Legal experts have warned of possible lawsuits against government from the suspects who are being remanded in custody beyond the constitutional 48-hour period due to the ongoing strike by the judicial staff.
The court support staff have been on strike for a week now to force government to harmonise salary increments with civil servants, a development that has seen people being denied access to justice.
The Mzuzu based private lawyer George Kadzipatike says the government is doing injustice to Malawians by letting one of its arms paralyzed without finding an immediate solution.
“I can say that we are now in a crisis,” he said, adding “nowhere the flamers of the constitution indicated that one of the three arms of the government would be paralyzed.
“This means that the current situation in which the judiciary is paralyzed is abnormal, therefore there is great need to return it to its normalcy,” said Kadzipatike in an interview with Nyasa Times.
He said there is great possibility that the government would cough a lot of money through compensations should the suspects who are kept in custody beyond the 48-hour period decide to sue the government.
“I don’t think the judiciary strike would be a valid excuse for the illegal keeping of the suspects,” he said.
Executive Director for Centre for Human Rights Education, Advice and Assistance (CHREAA) Victor Mhango also said the strike has made some convicts or suspects to stay in custody illegally due to the expiry of their warrants.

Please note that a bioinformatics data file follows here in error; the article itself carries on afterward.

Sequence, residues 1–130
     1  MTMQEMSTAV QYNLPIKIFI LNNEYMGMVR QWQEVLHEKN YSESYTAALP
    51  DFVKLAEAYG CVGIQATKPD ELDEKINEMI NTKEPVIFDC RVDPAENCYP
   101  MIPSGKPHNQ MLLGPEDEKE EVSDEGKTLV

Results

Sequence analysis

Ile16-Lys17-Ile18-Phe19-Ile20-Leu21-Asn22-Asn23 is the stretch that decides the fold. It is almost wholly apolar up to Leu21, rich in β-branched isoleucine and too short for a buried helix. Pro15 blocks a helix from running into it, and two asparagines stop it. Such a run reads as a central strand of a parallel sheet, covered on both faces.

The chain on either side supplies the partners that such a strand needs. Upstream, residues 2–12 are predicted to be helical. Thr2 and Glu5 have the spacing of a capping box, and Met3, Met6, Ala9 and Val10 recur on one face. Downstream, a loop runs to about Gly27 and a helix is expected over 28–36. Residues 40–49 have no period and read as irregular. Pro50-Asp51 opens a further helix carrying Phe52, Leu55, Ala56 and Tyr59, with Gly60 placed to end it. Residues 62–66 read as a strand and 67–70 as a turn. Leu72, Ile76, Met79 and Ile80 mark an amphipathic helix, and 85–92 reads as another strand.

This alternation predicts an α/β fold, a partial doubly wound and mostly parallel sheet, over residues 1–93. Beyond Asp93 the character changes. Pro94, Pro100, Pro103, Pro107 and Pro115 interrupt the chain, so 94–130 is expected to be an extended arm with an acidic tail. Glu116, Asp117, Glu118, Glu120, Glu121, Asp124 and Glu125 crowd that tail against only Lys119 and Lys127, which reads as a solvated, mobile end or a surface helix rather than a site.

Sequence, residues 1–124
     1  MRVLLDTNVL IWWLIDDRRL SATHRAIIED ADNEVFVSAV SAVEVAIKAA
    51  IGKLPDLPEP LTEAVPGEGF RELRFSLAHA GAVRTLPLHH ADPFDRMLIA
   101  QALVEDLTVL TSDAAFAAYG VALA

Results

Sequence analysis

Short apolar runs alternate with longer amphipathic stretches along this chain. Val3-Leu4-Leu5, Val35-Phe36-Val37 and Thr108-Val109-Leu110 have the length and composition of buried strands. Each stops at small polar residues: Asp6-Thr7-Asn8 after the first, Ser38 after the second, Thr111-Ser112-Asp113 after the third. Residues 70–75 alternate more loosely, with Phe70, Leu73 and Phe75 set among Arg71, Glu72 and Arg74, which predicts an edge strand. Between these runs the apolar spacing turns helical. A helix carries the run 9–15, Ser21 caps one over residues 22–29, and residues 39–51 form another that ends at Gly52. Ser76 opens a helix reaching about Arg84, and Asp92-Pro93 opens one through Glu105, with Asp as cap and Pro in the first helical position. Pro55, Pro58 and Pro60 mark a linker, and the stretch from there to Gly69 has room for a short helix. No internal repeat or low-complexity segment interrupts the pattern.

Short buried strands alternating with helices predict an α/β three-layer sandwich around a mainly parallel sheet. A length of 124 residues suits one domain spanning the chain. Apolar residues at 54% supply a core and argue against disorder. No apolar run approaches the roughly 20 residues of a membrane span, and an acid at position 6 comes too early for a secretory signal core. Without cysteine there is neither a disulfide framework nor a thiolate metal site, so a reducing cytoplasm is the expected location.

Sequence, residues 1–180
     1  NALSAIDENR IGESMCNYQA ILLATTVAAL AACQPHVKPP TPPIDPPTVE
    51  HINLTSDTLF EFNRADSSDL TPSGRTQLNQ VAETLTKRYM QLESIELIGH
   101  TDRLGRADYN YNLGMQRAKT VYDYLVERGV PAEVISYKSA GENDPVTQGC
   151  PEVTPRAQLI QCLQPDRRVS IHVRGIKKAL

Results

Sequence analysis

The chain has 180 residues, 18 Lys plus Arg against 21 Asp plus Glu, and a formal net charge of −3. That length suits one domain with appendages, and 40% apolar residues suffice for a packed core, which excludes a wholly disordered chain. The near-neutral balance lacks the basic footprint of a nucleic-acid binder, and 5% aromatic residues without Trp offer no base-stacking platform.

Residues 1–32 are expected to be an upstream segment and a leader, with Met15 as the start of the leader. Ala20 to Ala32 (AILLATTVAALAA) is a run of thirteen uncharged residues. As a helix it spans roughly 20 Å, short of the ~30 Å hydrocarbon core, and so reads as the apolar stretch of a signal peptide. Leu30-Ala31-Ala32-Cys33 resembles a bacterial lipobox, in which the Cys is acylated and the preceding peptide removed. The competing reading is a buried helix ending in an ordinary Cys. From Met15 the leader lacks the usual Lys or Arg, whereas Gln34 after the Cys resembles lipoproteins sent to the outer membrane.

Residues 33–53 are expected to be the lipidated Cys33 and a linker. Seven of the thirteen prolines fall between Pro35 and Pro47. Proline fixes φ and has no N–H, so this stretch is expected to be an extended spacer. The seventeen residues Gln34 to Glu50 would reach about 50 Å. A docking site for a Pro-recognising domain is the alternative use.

“It is only the courts that renew that warrant once they have expired. Many of those in custody had their warrants expired some time back, so here we can say that prisons are keeping many people unlawfully,” he said.
He said there is no access to justice, which is a constitutional right. Consequently, human rights and the Constitution have been being violated. For example, the Constitution provides that suspects can be detained for only 48 hours within which time they must be brought before a court. Otherwise, they must be released.
He noted that there must have been numerous cases of illegal detention and detention without trial. It is likely that a lot of taxpayers’ money will be wasted in civil suits against government on this account.
Statistics show that about the number of inmate has risen from the 5,000 to about 13,000 .
Inspector General (IG) of Police Lot Dzonzi has admitted that courts strike has hit the Malawi Police Service hard, creating overpopulation in holding cells, among others.
He said police will be forced to release on bail suspects who have committed minor offences, especially those that will be able to report for bail and can be traced in case they jump bail.
Lawyers, whose work is mainly court-based, have also been struggling to earn their bread and butter.Follow and Subscribe Nyasa TV :